In one study, Ms. Duflo and her colleagues showed that mothers in the Indian state of Rajasthan are three times as more likely to have their children vaccinated if they are rewarded with a kilogram of daal (lentils) at the immunisation camp. The result is useful to aid workers, but puzzling to economists: why should such a modest incentive (worth less than 50 cents) make such a big difference? Immunisation can save a child's life; a bag of lentils should not sway the mother's decision either way.While many economists are skeptical of Duflo's methods, saying that there is no way to show why the project yielded such results, only that it on fact happened. This results-focused approached to economics would, however, be extremely helpful to our future projects in Rajasthan. Here is a listing of several of Ms. Duflo's most recent papers.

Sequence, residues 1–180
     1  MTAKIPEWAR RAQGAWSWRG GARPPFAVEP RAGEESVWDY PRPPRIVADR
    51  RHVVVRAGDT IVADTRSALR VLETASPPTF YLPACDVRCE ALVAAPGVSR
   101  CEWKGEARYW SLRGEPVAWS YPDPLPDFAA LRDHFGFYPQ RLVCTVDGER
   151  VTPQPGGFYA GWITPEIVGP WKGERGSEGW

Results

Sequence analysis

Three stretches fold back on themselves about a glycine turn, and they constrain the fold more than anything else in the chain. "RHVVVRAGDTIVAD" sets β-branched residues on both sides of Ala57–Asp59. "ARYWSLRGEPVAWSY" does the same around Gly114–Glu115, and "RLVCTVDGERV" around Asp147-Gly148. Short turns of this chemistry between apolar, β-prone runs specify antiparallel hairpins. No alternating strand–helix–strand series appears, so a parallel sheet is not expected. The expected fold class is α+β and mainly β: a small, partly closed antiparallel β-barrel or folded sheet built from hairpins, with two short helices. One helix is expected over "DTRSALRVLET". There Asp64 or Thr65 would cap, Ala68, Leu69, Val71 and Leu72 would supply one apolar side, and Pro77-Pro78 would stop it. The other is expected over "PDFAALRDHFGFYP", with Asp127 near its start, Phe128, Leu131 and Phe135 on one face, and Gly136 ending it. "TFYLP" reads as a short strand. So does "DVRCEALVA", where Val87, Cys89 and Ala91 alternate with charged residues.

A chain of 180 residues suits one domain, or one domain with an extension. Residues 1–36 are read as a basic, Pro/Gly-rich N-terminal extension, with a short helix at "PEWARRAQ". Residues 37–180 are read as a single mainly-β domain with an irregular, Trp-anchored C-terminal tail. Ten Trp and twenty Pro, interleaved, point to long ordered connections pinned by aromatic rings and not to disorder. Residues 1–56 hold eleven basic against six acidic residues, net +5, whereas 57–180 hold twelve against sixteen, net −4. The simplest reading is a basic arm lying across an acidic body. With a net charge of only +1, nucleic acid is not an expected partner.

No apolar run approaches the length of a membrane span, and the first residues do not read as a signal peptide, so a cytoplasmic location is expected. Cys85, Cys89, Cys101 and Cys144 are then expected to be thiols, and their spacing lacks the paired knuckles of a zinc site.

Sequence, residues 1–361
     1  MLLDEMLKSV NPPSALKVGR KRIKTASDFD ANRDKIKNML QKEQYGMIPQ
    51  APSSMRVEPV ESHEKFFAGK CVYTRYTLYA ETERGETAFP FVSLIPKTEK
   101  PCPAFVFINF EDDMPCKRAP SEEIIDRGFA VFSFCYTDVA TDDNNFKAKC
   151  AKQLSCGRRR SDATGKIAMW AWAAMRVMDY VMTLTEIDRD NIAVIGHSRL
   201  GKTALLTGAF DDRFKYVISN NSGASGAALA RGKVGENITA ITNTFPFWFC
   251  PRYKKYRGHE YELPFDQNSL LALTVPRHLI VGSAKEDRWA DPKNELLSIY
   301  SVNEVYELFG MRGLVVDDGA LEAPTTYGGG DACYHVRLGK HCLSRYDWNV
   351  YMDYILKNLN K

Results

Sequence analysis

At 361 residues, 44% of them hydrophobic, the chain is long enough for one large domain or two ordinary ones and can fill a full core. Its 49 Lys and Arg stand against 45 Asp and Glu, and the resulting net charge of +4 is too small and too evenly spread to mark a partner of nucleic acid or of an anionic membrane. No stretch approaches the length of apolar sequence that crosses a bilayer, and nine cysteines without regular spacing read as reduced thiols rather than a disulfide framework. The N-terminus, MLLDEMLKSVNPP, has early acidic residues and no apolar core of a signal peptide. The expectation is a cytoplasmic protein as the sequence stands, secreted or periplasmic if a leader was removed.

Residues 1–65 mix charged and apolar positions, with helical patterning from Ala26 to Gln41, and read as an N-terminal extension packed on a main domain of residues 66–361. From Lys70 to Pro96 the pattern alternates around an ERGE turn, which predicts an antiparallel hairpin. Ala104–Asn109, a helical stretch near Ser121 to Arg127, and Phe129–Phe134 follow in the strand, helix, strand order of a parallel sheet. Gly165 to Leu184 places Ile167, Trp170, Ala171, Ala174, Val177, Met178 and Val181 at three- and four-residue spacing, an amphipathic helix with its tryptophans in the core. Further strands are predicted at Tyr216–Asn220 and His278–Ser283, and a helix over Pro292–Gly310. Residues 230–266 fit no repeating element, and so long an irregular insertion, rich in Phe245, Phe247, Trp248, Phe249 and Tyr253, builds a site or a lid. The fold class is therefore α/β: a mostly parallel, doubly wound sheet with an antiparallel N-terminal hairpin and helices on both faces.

Saturday, January 3, 2009
Perfecting Economics at the Village Level
Are you interested in Esther Duflo, an economist at MIT, recently received an honorable mention in an Economist article on young economists. Duflo's work has focused on moving development economics away from concentrating solely on policies, but instead to approach the discipline through field work at the community level. She and her colleagues conduct randomized trials of development projects and are often surprised by many of their findings.